• Johannes Falnes, wave energy researcher
  • Asbjorn Folling - chemical engr., discovery of Phenylketonuria, Jahreprisen 1960
  • Ivar Giaever, mechanical engr., physicist, 1973 Nobel laureate
  • Bjarne Hurlen, mechanical engr., army officer, defence industry executive (Kongsberg Våpenfabrikk 1956–1975)
  • Ralph Høibakk, physicist, computer industry executive, mountaineer, adventurer (Seven Summits; South Pole)
  • Fred Kavli, physicist, innovator, business leader (sensor technology: Kavlico Corp.), and philanthropist
  • Paal Kibsgaard, petroleum engineer, chairman and CEO of Schlumberger
  • Arne Korsmo - architect, professor, Norwegian National Academy of Craft and Art Industry
  • Olav Landsverk, electronics engr., military weapon systems computer pioneer, professor
  • John M. Lervik, electronics engr., co-founder and CEO of cXense, co-founder and former CEO of Fast Search & Transfer (FAST)
  • Finn Lied, electronics engr., World War II resistance agent, defence research director, Minister of Industry
  • Terje Michalsen, electronics engr., venture capitalist
  • Lars Monrad Krohn, electronics engr., industrialist (mini- and microcomputers)
  • Ingvild Myhre, electronics engr., telecom industry executive (Alcatel Telecom Norway, Telenor Mobil)
  • Lars Onsager, chemical engr., 1968 Nobel laureate
  • Venketa Parthasarathy, chemical engr., noted for work on wood pulp and two-stage oxygen delignification
  • Erik Rolfsen, architect and city planner for Oslo
  • Edgar B. Schieldrop, mechanical engr., student society co-founder, popular science & technology author
  • Rolf Skaar, cybernetics engr., industrialist (minicomputers), Norwegian Space Centre director
  • Einar Aasen Skogsholm, Ph.D Electrical Engr., VP of MECO
  • Øystein Stray Spetalen, petroleum engr., Norwegian investor
  • Berit Svendsen, telecom. engr., MTM, CTO of Telenor 2000–.
  • Anders Talleraas, mechanical engr., MP for 20 years, former Conservative party parliamentary leader
  • Vebjørn Tandberg, electronics engr., industrialist (radio, tape recording, television)
  • Theodore Theodorsen, Norwegian-American aerodynamicist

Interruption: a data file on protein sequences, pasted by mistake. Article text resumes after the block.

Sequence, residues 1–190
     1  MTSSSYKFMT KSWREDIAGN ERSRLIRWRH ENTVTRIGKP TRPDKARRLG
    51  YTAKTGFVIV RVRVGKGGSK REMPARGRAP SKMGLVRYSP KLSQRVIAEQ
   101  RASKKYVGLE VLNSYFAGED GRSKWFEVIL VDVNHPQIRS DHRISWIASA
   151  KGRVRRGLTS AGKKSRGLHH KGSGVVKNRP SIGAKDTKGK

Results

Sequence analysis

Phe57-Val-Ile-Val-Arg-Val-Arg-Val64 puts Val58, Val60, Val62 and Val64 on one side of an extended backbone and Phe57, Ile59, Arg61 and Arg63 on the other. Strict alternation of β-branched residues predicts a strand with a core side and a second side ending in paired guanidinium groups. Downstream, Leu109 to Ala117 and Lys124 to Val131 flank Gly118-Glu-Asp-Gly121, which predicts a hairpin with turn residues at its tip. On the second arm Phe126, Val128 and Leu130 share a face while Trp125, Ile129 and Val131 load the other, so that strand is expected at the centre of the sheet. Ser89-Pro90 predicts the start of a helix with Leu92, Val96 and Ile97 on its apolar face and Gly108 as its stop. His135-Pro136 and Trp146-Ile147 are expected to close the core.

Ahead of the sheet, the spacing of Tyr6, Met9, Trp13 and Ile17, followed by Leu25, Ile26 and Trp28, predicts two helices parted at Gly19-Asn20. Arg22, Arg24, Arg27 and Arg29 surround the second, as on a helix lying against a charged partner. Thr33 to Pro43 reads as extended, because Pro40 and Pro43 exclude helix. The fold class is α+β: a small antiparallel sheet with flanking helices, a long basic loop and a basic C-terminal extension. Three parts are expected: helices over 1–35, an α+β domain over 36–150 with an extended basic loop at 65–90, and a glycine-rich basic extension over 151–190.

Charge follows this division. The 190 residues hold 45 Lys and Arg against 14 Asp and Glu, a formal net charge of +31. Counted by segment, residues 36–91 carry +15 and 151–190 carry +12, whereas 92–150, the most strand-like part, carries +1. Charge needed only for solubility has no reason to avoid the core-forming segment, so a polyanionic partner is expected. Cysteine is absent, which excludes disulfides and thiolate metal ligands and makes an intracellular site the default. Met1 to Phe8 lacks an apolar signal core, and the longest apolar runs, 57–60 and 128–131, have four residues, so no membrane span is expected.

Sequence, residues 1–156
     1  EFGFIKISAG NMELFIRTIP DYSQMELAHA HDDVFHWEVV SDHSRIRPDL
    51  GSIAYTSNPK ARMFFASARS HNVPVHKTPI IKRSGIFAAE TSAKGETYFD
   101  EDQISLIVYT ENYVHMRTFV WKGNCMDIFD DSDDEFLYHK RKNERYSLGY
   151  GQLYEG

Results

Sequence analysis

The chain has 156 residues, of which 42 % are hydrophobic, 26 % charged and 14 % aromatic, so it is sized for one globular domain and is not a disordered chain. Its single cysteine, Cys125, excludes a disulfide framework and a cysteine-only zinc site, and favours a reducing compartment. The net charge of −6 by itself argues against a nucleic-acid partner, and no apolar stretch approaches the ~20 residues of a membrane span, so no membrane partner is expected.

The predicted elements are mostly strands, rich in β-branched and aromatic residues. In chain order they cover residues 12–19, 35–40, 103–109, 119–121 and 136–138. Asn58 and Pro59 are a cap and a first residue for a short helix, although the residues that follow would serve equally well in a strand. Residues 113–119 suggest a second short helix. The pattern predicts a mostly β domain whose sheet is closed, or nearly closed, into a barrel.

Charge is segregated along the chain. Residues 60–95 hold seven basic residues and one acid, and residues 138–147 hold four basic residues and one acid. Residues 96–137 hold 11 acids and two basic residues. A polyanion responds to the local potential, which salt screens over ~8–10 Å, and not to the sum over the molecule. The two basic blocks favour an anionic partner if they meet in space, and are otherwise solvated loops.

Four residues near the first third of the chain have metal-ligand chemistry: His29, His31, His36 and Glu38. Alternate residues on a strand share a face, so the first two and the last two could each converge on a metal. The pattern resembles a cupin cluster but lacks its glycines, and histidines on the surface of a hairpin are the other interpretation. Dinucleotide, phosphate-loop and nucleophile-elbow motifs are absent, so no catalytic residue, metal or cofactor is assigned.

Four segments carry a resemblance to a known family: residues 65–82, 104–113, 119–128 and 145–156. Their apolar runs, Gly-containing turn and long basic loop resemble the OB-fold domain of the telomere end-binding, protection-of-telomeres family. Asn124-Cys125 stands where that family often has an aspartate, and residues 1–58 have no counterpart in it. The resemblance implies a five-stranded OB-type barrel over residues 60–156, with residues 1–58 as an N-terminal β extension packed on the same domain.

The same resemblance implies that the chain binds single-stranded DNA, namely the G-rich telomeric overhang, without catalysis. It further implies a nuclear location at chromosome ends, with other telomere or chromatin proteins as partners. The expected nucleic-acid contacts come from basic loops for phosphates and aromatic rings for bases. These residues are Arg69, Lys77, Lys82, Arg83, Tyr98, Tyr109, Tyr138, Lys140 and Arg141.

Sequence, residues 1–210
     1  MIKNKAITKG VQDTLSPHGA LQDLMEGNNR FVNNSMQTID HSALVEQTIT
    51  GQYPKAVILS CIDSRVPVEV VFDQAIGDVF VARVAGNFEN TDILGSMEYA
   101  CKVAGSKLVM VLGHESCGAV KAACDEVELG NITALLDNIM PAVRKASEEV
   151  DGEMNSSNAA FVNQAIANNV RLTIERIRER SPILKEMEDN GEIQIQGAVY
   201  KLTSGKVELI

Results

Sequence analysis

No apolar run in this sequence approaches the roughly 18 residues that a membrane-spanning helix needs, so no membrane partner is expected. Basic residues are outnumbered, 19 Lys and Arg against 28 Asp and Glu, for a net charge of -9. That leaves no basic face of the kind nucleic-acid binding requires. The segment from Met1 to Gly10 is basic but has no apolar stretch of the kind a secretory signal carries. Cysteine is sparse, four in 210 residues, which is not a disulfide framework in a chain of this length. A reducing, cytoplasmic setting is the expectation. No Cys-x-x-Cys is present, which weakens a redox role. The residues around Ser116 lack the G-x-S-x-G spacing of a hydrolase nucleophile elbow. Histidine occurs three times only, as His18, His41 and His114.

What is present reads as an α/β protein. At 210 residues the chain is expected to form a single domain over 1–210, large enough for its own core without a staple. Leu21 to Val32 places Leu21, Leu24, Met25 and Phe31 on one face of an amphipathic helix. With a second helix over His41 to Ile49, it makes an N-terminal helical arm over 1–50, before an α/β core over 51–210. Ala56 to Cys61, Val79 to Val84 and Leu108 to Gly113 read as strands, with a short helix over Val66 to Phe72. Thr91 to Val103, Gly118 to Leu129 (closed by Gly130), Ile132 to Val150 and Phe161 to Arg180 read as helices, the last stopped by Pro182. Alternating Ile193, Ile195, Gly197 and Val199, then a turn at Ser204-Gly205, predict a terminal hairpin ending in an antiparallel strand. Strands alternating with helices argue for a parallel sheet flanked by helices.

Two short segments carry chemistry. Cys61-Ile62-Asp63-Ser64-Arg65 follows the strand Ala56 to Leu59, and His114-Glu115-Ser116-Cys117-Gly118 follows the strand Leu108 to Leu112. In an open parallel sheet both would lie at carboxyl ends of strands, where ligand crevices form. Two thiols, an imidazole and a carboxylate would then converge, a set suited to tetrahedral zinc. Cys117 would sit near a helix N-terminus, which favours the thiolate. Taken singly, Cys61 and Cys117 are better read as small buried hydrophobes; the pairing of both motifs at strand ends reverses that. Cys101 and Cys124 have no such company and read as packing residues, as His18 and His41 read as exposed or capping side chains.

• Leif Tronstad, O.B.E., chemist, nuclear chemistry scientist, planner and organiser of World War II's Operation Gunnerside
  • Tor Olav Trøim, marine engr., shipping and energy industry executive (Frontline, Seadrill)
  • John Ugelstad, chemical engr., known for his pioneering work on monodisperse polymer beads
  • Tore M. Undeland, electrical engr., professor, international textbook author (Wiley), IEEE fellow
  • Gjert Wilhelmsen, marine engr., co-founder of Royal Caribbean Cruise Lines
  • Bror With, mechanical engr., inventor of the Rottefella ski binding and Dromedille dinghy; World War II resistance agent
  • Vegard Wollan, electronics engr., co-inventor of Atmel AVR µcontroller, co-founder of Atmel Norway
  • Commercial impact

    The following companies, or divisions of international companies, have been created directly or partly from NTH research and influence, including its contract research arm SINTEF with spin-offs:

  • 3d-Radar AS (advanced ground penetrating radar technology for shallow subsurface mapping in 3D) [1]
  • Atmel Norway (inventors and designers of the Atmel AVR RISC microcontroller family, incl HW/SW tools) (Norwegian) [2]
  • Ceetron AS (3D visualization and technical computing for oil & gas, plus aerospace, automotive, and consumer electronics) [3]
  • Cybernetica advanced process control, specializing in nonlinear model predicitive control
  • CorrOcean (industrial/off-shore Corrosion Monitoring) [4]
  • ErgoRunit AS (outsourcing services in IT system planning/administration and accounting) [5] (N)
  • Fast Search & Transfer (FAST) (inter/intranet search engines; developers of alltheweb.com) [6]
  • GE Vingmed Ultrasound, formerly Vingmed Sound (ultrasound-based imaging in medical diagnosis and surgery support systems) [7] (N)
  • Marine Cybernetics, specialising in the testing and verification of ship and offshore structure control systems [8] (N)
  • MARINTEK, The Norwegian Marine Technology Research Institute, including MARINTEK (USA), Inc. [9]
  • Nordic Semiconductor ASA (ASIC design, SoCs, RF/mixed-signal hybrid IC's) [10]
  • Oceanor (oceanographic measurements and real-time environmental monitoring in oceans, freshwater, and soil) [11]
  • Powel ASA (IT products/services for energy production companies) [12]
  • Q-Free ASA; formerly Micro Design AS (radio systems for tolling, traffic information, parking, ticketing, access control, logistics) [13]
  • Schlumberger Information Solutions Trondheim, formerly VoxelVision AS (3D visualization, mostly for oil & gas applications) [14]
  • SINTEF, The Foundation for Scientific and Industrial Research at NTH (contract research corp, 1700 employees) [15]
  • SINTEF Energy Research, SINTEF Petroleum Research, and SINTEF Fisheries and Aquaculture ²
  • Sinvent Ltd., SINTEFs development and investment company
  • Sun Microsystems Trondheim; formerly ClustRa Systems (high-availability, real-time database technology) [16]
  • Kongsberg Oil & Gas Technologies AS; acquired Systems in Motion AS (3D visualization software) [17] [18]
  • References

    Norwegian Institute of Technology Wikipedia